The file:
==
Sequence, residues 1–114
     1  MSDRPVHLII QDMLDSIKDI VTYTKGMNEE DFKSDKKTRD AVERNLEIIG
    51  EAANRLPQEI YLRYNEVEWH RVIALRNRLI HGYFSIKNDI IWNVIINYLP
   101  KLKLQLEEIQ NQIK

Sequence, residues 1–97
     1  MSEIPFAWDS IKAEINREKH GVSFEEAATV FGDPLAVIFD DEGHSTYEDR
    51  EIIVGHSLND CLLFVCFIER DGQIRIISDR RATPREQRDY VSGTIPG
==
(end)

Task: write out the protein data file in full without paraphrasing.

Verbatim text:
Sequence, residues 1–114
     1  MSDRPVHLII QDMLDSIKDI VTYTKGMNEE DFKSDKKTRD AVERNLEIIG
    51  EAANRLPQEI YLRYNEVEWH RVIALRNRLI HGYFSIKNDI IWNVIINYLP
   101  KLKLQLEEIQ NQIK

Sequence, residues 1–97
     1  MSEIPFAWDS IKAEINREKH GVSFEEAATV FGDPLAVIFD DEGHSTYEDR
    51  EIIVGHSLND CLLFVCFIER DGQIRIISDR RATPREQRDY VSGTIPG